A public lecture by GABRIEL TROC, Babes-Bolyai University, Cluj, Romania, Cultural Anthropology
A public lecture by XAVIER BOUGAREL, Centre National de la Recherche Scientifique, Paris. The lecture is part of the ISLAM IN THE BALKANS series.
A book presentation by author ADRIENNE EDGAR, UC Santa Barbara, History.
A public lecture by ISA BLUMI, Georgia State University, History. The lecture is part of the ISLAM IN THE BALKANS series.
Northern Illinois University's John R. Bentley pokes holes in the view that 'Sendai Kuji Hongi' ('Kujiki') is a derivative historical text.
The Washington Monthly, March 2008
How Denmark stays progressive, pro-U.S., and thoroughly multilateral, as explained by Ambassador Friis Arne Petersen, the country's top representative in Washington.
Multinational corporations that partner with the Burmese military and military-led government share the responsibility for human rights abuses, argue two representatives of EarthRights International at UCLA.
LA Times, March 12, 2008
Argentine director Fernando "Pino" Solanas screens and discusses his 2007 documentary about his country's achievements in science and engineering.
A public lecture by Behrooz Ghamari-Tabrizi, University of Illinois, Urbana-Champaign, delivered on March 3, 2008.
NYU legal scholar Frank Upham, this semester a visiting professor at UCLA, explains why judicial activism is more prevalent in Japan than in the United States. Listen to a podcast of his lecture.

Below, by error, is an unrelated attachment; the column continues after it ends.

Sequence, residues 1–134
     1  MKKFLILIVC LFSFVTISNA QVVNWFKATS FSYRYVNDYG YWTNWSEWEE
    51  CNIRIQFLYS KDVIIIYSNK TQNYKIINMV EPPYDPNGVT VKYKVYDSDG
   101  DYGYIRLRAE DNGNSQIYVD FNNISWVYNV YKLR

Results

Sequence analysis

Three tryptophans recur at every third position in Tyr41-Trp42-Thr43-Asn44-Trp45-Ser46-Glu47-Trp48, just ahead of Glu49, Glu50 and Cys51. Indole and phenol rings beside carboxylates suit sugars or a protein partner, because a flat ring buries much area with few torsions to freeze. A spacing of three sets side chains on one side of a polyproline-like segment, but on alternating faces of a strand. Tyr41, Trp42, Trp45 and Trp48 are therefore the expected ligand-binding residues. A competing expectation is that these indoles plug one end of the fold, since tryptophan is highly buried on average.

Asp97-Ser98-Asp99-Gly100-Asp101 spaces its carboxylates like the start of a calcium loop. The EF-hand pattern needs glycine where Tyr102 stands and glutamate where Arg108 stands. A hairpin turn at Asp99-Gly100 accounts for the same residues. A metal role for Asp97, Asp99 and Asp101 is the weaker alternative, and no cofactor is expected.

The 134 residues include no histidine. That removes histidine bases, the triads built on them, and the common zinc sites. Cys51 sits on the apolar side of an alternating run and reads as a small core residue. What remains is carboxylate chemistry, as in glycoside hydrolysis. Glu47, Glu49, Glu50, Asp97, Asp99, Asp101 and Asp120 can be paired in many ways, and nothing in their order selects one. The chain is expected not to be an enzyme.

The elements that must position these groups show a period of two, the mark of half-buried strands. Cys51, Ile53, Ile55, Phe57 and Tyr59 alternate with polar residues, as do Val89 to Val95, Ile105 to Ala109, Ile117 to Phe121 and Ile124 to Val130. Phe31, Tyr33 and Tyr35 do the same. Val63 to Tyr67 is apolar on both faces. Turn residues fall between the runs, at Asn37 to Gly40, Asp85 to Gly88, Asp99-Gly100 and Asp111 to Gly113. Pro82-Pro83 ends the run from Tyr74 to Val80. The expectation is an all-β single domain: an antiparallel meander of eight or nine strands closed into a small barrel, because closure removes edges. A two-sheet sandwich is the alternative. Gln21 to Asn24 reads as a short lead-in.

Listen to the New Mexico governor's March 11 keynote address at UCLA on "U.S. Foreign Policy Toward Rogue States," a conference organized by the Burkle Center. Richardson says the "bad guys" of international relations often crave recognition from the United States and respond to personal connections.
UCLA event on "Rogue States" features Gen. Wesley K. Clark and other foreign policy experts.
UCLA Today, March 3, 2008
New York Times columnist David Brooks delivered the Sixth Annual Daniel Pearl Memorial Lecture Tuesday to a capacity audience gathered at Korn Convocation Hall to remember the prominent Wall Street Journal reporter.
In a Q&A with AsiaMedia's Debory Li, former Singapore diplomat Kishore Mahbubani discusses his latest book and the future of the Asian hemisphere.
Uganda needs a national land policy that ends legalized seizures of territory, former Bugandan Prime Minister (Katikkiro) Daniel Muliika tells a UCLA audience in this podcast.
Asia's most famous diplomat, Kishore Mahbubani, has been going around the world outlining just why the United States needs to pay attention to Asia.
Brandeis University's Matthew Fraleigh explains how the 'shishi' passed on Chinese poetic traditions by reinventing the poem "The Song of the Righteous Spirit."
Mark Selden explains how U.S. bombing raids of Japanese cities in World War II would determine military tactics decades after 'the Good War.' Listen to a podcast of Selden's lecture.
Resolving the election crisis of 2007-08 is one thing, argues GRCA Research Associate Stephen Ndegwa, and addressing underlying injustices is quite another. Ndegwa and an engaged UCLA audience debate the likelihood of significant change from below.
The findings, which were unearthed in 2006 and are still being analyzed, also suggest possible trade links with the Red Sea, including a thoroughfare from Mesopotamia, which is known to have practiced agriculture 2,000 years before ancient Egypt.
The next round of applications for UCLA International Institute faculty grants, for globally oriented outreach and research, is due on March 3, 2008.
Americans are not less sensitive to the deaths of private soldiers in wars than they are to those of regular U.S. troops, UC-Irvine political scientist Deborah Avant and a colleague discovered. But the use of security contractors in combat zones has other implications for a democracy, she tells a UCLA audience. Listen to a podcast of her talk.
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